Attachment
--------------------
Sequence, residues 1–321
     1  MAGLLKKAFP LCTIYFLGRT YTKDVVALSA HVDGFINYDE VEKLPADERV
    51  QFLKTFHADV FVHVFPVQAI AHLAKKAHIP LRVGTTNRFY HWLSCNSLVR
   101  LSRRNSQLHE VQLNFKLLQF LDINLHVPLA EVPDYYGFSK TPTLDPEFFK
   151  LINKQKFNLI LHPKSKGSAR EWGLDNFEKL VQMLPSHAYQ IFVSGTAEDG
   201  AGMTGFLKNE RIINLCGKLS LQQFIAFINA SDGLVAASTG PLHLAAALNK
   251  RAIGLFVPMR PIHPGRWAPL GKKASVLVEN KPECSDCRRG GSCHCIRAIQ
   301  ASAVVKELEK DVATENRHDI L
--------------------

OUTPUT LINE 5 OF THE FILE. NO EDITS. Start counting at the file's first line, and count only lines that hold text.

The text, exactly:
   151  LINKQKFNLI LHPKSKGSAR EWGLDNFEKL VQMLPSHAYQ IFVSGTAEDG